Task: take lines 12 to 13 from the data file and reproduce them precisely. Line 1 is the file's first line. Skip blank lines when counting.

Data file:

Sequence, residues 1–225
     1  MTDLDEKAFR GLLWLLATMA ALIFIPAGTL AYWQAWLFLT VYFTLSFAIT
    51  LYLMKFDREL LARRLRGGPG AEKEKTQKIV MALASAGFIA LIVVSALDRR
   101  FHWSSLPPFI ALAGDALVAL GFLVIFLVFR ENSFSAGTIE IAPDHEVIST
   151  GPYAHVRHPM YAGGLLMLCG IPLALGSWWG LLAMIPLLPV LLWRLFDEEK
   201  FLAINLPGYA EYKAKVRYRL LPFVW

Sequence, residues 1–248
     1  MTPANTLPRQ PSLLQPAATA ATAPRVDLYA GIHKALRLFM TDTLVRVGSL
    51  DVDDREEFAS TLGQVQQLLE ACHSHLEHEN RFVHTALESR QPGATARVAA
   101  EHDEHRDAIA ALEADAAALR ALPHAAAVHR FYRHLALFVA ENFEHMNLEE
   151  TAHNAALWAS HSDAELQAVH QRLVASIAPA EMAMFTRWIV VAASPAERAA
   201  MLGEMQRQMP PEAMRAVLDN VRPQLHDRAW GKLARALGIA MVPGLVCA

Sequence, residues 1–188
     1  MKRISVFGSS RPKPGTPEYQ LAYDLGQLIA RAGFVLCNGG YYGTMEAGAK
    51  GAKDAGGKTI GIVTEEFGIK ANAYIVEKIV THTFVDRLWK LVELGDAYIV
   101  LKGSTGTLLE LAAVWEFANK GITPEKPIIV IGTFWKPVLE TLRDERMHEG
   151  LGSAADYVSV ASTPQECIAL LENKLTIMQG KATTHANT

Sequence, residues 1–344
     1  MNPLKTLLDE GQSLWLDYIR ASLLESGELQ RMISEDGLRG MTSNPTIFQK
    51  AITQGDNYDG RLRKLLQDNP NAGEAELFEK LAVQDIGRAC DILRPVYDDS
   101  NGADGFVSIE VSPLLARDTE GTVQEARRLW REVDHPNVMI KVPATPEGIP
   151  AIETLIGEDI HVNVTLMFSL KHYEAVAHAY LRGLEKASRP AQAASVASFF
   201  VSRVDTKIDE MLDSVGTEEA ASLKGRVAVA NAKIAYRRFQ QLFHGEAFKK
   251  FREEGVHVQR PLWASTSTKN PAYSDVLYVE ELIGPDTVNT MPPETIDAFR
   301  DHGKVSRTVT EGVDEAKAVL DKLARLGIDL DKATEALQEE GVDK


   201  MLGEMQRQMP PEAMRAVLDN VRPQLHDRAW GKLARALGIA MVPGLVCA

Sequence, residues 1–188